It is not yet clear in the medical education literature which strategies are best employed to address the negative effects of the hidden curriculum in the process of professional identity formation during the undergraduate medical course. We developed a mandatory curriculum for first-year medical students in a Brazilian university, aiming to discuss and reflect on the hidden curriculum and on the role of the doctor in the doctor-patient relationship. The rotation was based on didactic interventions with real-world appeal, using several approaches to share with students the importance of being aware of the process of socialization and professional identity formation.

Professional identity is based on the consolidation of values and virtues inherent to the practice of medicine. Many of these virtues depend on the physician’s capacity to put him or herself in another person’s shoes, i.e., to be empathic. In this sense, empathy may be a tool for someone to be a virtuous physician. Our hypothesis is that discussing this matter with students from the beginning of their medical training, reflecting on future challenges they may face and providing them with the tools with which they may cope may benefit their formative process.

The purpose of this study is to examine if empathy, a concept related to medical identity, may be amenable to this type of early curricular intervention.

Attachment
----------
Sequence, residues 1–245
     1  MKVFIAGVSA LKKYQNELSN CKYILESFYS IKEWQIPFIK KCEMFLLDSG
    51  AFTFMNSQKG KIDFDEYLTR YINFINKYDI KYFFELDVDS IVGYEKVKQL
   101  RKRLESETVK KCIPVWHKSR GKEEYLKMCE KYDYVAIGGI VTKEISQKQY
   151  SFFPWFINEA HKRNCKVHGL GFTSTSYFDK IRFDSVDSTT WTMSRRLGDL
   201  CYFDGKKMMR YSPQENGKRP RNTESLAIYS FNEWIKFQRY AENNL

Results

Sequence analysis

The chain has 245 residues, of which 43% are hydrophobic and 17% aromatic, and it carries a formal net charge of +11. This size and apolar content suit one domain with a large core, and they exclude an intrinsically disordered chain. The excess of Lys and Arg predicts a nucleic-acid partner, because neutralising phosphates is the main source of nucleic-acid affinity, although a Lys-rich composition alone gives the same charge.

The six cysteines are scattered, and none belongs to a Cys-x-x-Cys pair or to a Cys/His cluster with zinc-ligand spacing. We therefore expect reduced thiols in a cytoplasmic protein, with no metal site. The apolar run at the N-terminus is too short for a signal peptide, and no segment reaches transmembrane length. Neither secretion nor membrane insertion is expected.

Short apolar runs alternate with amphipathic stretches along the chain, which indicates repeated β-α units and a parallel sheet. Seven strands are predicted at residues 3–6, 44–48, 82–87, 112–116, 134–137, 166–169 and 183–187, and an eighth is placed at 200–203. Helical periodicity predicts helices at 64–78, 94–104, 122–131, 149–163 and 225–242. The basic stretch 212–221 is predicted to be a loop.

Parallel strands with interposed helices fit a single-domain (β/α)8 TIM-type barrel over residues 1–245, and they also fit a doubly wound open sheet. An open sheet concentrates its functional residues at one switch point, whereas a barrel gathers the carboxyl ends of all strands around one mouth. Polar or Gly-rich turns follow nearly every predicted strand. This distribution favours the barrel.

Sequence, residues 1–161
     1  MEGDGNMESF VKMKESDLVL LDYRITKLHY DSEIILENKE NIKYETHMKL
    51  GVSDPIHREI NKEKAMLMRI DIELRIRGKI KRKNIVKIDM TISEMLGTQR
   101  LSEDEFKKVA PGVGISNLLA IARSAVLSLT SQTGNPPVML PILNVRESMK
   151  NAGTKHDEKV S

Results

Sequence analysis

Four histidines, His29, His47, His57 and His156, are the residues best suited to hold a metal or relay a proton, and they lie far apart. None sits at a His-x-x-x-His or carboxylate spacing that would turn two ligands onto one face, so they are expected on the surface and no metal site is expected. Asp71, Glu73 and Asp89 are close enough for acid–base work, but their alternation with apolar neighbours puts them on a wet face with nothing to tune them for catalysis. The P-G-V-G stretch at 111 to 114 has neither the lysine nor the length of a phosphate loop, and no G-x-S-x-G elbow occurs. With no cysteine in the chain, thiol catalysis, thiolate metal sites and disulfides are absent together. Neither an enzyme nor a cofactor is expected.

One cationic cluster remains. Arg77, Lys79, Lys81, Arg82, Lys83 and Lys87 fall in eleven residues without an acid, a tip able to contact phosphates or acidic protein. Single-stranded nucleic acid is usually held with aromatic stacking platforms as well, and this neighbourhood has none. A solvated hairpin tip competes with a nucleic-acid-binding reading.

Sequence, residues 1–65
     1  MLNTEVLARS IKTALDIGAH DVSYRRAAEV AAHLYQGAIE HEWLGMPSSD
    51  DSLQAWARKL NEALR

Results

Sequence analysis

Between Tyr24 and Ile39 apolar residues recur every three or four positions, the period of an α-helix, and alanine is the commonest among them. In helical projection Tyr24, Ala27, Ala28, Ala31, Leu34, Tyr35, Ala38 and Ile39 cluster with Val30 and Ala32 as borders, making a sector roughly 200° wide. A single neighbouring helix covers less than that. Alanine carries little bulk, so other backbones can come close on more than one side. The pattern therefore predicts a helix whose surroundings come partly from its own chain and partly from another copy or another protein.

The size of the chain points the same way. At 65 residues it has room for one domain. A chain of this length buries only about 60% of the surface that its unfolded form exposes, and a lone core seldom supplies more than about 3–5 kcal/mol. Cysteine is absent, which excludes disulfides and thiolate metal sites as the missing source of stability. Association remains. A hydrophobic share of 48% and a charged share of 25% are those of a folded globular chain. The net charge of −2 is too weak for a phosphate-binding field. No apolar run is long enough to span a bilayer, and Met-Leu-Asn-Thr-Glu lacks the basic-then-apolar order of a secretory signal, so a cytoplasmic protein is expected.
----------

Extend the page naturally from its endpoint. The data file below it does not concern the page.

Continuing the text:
Study design and participants

This is a pretest-posttest study designed to assess the empathy levels of first-year medical students (n=166) comprising two consecutive classes (2012 and 2013) of a medical school in Brazil, performed before and after they participated in a curricular course called Health and Medicine (H&M). This study was approved by the Research Ethics Committee in Human Beings of the Faculty of Medical Sciences at the State University of Campinas (Unicamp).

Through a partnership between the department of Psychiatry and the discipline of Emergency Medicine, this course presents the process of professional identity formation in a positive way, reinforcing the meaning of becoming a doctor and the fulfillment we can achieve in our everyday lives as physicians.

Every issue, including the suffering and difficulties encountered by patients and physicians, was discussed based on real situations. Our idea was to show that sharing someone’s pain is not necessarily painful. Moreover, contact with the experiences of our patients invites us to reflect on ourselves, which invariably leads to personal growth and development.

This course lasted four months for the classes of 2012 and 2013 and was composed of various formats of didactic interventions, which are described below.